While we’ve heard “If you can afford the current Corvette, you can afford the 2014 model” several dozen times, the fact is that the seventh-generation Chevrolet Corvette is going to be a more expensive beast. Or is it?
According to our sister publication, Motor Trend, a budget version could come in close to, if not less than, the current Corvette hardtop’s $50,595 to slot underneath what we’ve been told will be a Corvette Stingray starting at $55,000 or so. Called the Corvette Coupe, the budget model is proposed to have a 5.3-liter V-8 with less than 400 horsepower versus the Corvette Stingray’s 450-horsepower, 6.2-liter LT1 V-8. GM engineers have stated that they looked at a twin-turbocharged V-6 for a base-model Corvette at one point, but it provided no better fuel economy than the V-8 set for the car. That six-cylinder is anticipated to wind up in the rumored Cadillac ATS-V, though.
Chevrolet is also looking at changing front and rear bumper designs, as well as the front fenders, to differentiate it from the Corvette Stingray.
This would not be the first time Chevrolet has introduced a “cheap” Vette in recent years. Originally, the fifth-generation Corvette, which went on sale in 1997, had a stripped out version called the Corvette Hardtop. It was the cheapest and lightest version, and it was supposed to come with a smaller engine to get the price as far under $40,000 as Chevy could make it. Alas, engineers discovered it made the perfect platform for building a faster version of the Corvette from, making it into the eventual Corvette Z06 instead of making it miserly.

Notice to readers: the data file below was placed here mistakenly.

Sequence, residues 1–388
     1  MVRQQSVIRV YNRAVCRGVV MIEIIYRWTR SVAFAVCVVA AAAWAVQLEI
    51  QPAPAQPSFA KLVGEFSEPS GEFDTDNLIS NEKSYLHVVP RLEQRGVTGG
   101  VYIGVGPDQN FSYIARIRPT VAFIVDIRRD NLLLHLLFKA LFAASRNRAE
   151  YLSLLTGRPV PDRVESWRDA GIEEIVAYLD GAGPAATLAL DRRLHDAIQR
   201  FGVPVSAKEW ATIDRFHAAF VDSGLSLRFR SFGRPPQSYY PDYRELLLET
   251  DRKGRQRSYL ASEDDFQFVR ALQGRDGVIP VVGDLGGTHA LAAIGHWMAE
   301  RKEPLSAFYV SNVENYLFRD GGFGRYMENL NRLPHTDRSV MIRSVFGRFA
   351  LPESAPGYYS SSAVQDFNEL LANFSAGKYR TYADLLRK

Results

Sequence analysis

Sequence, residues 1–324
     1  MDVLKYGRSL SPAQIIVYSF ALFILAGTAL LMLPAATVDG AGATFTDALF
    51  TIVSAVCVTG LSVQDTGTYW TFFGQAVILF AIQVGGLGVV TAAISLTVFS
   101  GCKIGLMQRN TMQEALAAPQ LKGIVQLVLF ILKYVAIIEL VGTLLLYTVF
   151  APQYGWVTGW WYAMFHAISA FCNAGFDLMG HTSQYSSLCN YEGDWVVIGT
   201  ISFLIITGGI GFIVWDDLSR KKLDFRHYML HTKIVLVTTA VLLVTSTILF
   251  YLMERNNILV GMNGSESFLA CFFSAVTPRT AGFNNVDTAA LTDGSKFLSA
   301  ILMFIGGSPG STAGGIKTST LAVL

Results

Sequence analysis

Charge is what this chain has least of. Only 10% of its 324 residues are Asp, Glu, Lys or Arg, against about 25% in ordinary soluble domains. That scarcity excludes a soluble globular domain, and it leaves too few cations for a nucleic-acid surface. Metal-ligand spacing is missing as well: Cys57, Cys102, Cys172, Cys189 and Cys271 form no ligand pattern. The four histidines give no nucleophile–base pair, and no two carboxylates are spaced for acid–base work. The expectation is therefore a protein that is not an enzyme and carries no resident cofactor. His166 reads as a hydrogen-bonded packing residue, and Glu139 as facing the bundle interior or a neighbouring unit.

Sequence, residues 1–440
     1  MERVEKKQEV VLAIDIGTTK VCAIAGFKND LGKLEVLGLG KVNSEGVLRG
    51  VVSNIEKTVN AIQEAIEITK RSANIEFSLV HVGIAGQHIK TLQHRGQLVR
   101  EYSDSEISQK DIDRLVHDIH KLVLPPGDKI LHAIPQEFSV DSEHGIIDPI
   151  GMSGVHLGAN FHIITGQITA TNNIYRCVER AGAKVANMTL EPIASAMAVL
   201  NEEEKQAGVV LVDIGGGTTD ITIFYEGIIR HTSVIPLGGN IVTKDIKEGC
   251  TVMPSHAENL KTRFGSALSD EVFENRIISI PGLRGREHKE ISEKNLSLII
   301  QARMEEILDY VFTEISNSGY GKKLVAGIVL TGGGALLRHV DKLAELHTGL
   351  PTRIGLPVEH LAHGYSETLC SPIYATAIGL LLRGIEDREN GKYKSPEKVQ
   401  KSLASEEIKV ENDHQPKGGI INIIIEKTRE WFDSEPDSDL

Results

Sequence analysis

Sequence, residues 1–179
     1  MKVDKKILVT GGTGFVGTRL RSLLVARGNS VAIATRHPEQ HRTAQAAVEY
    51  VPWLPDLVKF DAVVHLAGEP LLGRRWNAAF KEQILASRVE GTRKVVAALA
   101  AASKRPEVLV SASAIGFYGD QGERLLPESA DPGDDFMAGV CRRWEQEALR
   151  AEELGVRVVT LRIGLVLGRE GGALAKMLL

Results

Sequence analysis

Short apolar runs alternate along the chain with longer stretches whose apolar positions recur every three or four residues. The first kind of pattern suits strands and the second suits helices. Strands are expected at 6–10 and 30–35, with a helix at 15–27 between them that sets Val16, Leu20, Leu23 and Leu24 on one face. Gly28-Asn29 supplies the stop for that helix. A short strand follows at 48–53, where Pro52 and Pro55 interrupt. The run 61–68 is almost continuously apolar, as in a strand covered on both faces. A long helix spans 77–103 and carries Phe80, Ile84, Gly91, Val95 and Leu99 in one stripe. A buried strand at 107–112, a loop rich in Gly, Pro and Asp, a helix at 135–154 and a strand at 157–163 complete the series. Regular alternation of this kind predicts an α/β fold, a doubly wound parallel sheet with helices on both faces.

While there’s likely some truth to the speculation, we’re interested to see if this one becomes true. Chevrolet has already had plenty of Camaro buyers opt for the brand’s pony car as an entry-level gateway into an American sports car. We have a hard time believing that Chevrolet would dare compete with itself and the track-ready Camaro 1LE it already sells at a sub-$50,000 price point. But then again, Chevrolet marketers could know something we don’t. We’ll wait and see in good time if Chevy dares bring its newly upmarket Corvette back down to the budget-brand levels it has so desperately tried to escape for the last 30 years.
The 2014 Corvette will hit showrooms late this year, giving us an idea of just how much it’s going to cost, from base model all the way up to a loaded Z51. From there, it’ll be a little clearer what Chevrolet’s intentions are with the seventh-generation sports car.
Source: Motor Trend